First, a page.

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Captain 'Nemo' navigates around the 'Triplets'

The Oscars | ANIMATED FEATURE

March 01, 2004|Susan King | Time Staff Writer

Winning the Academy Award for best animated feature film Sunday evening wasn't a sure thing for "Finding Nemo."

Disney/Pixar's heartwarming father-son fish tale had been considered the shoo-in for Oscar gold until the November release of the quirky animated film "The Triplets of Belleville," which fast became the critics' darling. So Pixar and Disney probably breathed a big sigh of relief when "Nemo" was named the best animated feature of 2003.

"I am going to be forever grateful to the entire cast and crew of 'Nemo' for the giving of their talents to this little fish story that I had," director Andrew Stanton said in accepting the award.

"Belleville," which opened in limited release in the U.S. last November, received numerous awards from critics' groups -- including those in Los Angeles, New York, Seattle, San Diego and Boston -- and made 26 top 10 lists. It was also nominated for an Independent Spirit Award for best foreign film.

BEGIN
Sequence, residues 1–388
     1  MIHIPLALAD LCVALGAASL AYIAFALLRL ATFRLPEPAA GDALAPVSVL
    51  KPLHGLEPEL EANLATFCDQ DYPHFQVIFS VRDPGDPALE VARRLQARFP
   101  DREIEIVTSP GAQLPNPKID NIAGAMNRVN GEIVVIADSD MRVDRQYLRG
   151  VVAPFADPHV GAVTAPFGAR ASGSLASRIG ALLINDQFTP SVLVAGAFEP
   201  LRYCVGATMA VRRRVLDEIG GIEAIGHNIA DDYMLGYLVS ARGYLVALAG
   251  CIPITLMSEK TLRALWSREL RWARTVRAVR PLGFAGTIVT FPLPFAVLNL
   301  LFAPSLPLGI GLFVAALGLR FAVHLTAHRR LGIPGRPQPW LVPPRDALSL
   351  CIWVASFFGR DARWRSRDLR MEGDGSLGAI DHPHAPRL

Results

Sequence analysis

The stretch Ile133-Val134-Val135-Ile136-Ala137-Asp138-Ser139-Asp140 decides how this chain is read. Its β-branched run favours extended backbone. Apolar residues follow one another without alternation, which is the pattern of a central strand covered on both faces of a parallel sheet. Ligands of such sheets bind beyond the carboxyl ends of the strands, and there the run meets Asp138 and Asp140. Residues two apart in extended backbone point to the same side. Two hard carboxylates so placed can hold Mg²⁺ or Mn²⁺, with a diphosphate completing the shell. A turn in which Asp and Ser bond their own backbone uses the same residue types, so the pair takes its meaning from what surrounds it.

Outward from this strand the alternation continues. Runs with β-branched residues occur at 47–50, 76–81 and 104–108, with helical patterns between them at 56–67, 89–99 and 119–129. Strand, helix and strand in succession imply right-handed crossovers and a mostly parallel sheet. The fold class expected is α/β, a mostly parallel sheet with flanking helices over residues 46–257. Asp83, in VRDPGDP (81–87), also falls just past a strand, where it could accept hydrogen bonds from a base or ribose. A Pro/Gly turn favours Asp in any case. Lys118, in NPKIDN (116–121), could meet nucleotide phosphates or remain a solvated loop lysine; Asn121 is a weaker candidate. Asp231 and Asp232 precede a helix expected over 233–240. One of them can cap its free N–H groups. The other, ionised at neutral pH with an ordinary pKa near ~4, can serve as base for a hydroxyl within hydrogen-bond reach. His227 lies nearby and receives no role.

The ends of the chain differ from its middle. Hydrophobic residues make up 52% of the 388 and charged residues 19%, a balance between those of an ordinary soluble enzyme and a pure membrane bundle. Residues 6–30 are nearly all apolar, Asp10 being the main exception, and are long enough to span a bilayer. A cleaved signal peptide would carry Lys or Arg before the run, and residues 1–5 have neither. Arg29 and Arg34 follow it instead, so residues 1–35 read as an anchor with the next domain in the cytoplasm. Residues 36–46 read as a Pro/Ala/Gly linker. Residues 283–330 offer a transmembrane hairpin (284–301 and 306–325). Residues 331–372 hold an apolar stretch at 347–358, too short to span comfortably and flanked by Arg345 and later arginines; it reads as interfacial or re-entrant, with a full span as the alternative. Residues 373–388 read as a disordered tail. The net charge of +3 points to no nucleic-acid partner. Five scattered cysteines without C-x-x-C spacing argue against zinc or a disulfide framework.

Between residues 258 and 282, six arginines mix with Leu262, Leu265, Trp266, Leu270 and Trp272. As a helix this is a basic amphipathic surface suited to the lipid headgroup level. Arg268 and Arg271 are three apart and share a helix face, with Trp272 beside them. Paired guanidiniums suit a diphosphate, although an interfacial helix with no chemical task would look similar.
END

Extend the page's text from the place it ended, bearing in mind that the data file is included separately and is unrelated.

The Oscar topped off an incredible year for "Nemo." With receipts of more than $339.7 million, "Nemo" became the box office champ of the year and toppled Disney's 1994 film "The Lion King" from its throne as the highest-grossing animated film of all time. In November, "Nemo" swam into home entertainment history when it sold 8 million units on DVD and VHS in one day, shattering the record set by "Spider-Man" the year before.

Although Pixar is no stranger to Academy Awards, with its animated shorts picking up Oscars over the years, "Nemo" marks the first time that the company, which announced in January that it was severing ties with Disney, has won the Oscar for best animated feature.

Pixar has not made a false step since its first computer-animated feature, 1995's "Toy Story." With each subsequent film -- "A Bug's Life," "Toy Story 2" and "Monsters, Inc." -- Pixar has improved the quality of its computer-graphic animation without losing sight of the films' characters and stories.

"Nemo" not only found itself on the top 10 lists of 79 major critics, but the family film also won nine Annie Awards from the International Animated Film Society, including outstanding achievement in an animated theatrical feature, outstanding character animation and outstanding direction for Stanton and Lee Unkrich. It also won the Broadcast Film Critics Assn. Award for best animated feature and several critics awards, including the Florida Film Critics and Toronto Film Critics Assn. Besides best animated feature, "Nemo" scored Academy Award nominations for best achievement in sound, score and original screenplay.

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